****Read below a clarification from Spencer Stuart
Early in November 2012, Spencer Stuart, a global leader in recruitment of senior management, announced a change in its method of work. Ahead of its time or reckless?
For over 55 years Spencer Stuart has been recruiting executives on behalf of the world’s largest companies. It’s business asset is its network of candidates, woven carefully to locate and identify the best skills and their expectations and motivations.
So what is the revolution?In a few days, the very well known headhunter will no longer update his candidates database and will rely on LinkedIn instead. Candidates can no longer complete the registration form on the Spencer Stuart site nor update their personal data nor insert a new CV. Now, Spencer Stuart will invite candidates to join him on the network.
At Spencer Stuart it’s reassuring and positive – the candidate just updates his profile in a single location, and then his skills, experience and CV are accessible by all recruiters in the firm. From the company’s side, the new organization will therefore allow it to improve efficiency and concentrate on more strategic tasks than updating a record.
The bet is daring: it presumes firstly that all candidates are willing to be on the LinkedIn network, including the most senior. Secondly, Spencer Stuart finds itself with both hands tied to the social network, which is the sole owner of strategic and technological choices.
This shift not only raises doubts but also many questions. Can a client who is a member of the LinkedIn group freely contact candidates directly on the network? What significance does Spencer Stuart now attach to the virtual recommendations of its candidates on LinkedIn?
**************“An Important Clarification from Spencer Stuart:
We wanted to address some incorrect information in this posting about our approach to executive search and handling of candidate information, recognizing that some may have drawn incorrect conclusions because of a less than clear note we sent to those registered on our website regarding a planned change in our online registration process.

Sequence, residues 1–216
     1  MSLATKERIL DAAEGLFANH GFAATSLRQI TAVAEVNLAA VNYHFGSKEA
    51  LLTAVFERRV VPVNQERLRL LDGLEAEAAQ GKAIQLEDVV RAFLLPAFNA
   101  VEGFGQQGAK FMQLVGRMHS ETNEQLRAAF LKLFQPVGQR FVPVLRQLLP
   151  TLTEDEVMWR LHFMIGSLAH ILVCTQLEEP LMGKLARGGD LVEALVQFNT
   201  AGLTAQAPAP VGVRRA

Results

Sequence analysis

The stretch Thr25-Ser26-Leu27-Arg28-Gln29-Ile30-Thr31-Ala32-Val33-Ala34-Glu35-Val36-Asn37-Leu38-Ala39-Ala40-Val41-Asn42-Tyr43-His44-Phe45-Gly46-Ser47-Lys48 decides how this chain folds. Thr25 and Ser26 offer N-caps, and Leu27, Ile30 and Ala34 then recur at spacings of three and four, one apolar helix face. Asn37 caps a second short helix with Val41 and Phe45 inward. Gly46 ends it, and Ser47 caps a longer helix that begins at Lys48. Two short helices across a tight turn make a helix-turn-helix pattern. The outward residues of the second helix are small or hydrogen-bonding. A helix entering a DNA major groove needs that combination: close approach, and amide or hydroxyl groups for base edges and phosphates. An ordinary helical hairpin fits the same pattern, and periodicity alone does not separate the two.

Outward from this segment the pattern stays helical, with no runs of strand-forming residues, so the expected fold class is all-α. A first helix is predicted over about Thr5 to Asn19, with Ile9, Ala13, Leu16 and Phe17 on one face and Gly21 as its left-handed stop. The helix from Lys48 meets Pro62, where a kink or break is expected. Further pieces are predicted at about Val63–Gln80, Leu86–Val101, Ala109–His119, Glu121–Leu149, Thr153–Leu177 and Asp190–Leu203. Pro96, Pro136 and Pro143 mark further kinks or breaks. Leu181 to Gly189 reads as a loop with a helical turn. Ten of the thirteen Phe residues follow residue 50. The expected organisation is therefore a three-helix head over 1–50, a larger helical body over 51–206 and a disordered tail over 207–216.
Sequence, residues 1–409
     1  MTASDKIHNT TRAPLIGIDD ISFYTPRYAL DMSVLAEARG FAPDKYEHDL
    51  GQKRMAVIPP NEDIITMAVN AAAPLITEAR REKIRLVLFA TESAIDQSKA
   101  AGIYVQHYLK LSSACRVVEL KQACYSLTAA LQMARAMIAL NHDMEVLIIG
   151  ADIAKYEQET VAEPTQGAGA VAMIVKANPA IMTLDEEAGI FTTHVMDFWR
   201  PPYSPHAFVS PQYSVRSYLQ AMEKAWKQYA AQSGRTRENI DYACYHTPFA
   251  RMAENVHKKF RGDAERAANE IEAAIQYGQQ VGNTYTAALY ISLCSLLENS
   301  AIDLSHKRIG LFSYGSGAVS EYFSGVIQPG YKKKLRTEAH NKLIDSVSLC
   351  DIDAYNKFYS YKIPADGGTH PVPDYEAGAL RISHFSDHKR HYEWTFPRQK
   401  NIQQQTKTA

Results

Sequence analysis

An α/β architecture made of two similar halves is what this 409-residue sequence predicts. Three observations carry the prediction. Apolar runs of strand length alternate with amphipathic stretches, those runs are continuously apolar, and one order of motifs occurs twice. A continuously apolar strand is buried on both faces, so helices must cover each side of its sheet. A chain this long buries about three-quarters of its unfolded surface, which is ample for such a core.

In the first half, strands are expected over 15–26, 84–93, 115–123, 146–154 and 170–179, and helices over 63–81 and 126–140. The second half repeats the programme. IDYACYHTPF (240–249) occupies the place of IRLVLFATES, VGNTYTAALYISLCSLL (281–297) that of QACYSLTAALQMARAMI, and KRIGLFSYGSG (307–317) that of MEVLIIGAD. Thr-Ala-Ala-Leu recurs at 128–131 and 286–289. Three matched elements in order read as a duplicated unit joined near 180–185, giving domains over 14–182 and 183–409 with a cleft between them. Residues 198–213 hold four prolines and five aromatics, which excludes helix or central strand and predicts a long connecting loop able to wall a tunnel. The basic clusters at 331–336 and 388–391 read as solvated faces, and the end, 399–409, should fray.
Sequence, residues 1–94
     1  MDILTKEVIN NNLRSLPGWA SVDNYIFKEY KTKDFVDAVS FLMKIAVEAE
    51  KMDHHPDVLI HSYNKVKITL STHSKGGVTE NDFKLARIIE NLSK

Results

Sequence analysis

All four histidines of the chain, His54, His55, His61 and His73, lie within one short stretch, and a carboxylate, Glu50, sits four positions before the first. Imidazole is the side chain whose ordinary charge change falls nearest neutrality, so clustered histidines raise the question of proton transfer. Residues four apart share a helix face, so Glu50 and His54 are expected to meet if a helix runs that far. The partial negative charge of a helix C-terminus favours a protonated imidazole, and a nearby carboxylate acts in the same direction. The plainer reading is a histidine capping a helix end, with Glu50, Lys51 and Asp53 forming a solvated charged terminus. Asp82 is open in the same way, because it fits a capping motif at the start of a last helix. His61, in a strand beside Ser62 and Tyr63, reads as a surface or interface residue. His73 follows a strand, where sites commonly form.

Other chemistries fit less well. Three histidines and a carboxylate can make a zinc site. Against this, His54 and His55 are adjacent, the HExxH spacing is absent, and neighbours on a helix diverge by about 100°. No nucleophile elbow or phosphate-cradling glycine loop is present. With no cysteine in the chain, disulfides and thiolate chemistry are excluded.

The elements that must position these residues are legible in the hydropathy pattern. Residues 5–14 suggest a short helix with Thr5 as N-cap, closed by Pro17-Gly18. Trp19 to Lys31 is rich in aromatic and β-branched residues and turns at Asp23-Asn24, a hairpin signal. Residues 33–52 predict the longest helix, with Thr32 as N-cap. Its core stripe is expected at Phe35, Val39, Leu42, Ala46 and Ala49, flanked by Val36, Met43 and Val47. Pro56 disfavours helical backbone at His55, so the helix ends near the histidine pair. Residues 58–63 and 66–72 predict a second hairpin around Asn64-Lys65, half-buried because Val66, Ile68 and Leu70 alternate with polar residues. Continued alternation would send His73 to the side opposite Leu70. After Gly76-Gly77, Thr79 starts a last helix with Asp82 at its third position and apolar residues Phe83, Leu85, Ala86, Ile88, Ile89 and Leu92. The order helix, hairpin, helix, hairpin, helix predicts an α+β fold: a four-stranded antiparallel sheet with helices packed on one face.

We want to underscore that we are not moving away from our proprietary executive database or transferring our business to LinkedIn. In fact, we are near completion on the most extensive upgrade to our industry-leading executive knowledge system in our history. Some have unfortunately interpreted some changes on our website as a broader statement about our approach to search and how we develop and manage candidate information. In hindsight, we wish we had been more explicit.
The main intent of our note was to explain that when visitors come to our new website (to be launched soon), they will have an option to give us permission to be informed automatically about updates to their career information via their LinkedIn profile. Those who elect to provide permission for us to access their LinkedIn profiles can rely on the same discretion and confidentiality they would expect today. It is also worth noting that we do not use LinkedIn as a source of references.
This change does not impact our overall approach to finding candidates. The majority of our candidates are developed through direct interaction with our search professionals, as an outgrowth of our work and research, rather than through inbound traffic to our website — a channel that represents but one particular doorway of many into our firm..
As part of our related outreach regarding the website, we have received feedback that there is a desire for us to continue to have a direct resume submission feature on the site. As such, we will continue to retain this feature moving forward.
We appreciate the opportunity to clarify some misperceptions as to where we are headed with specific changes to our website.”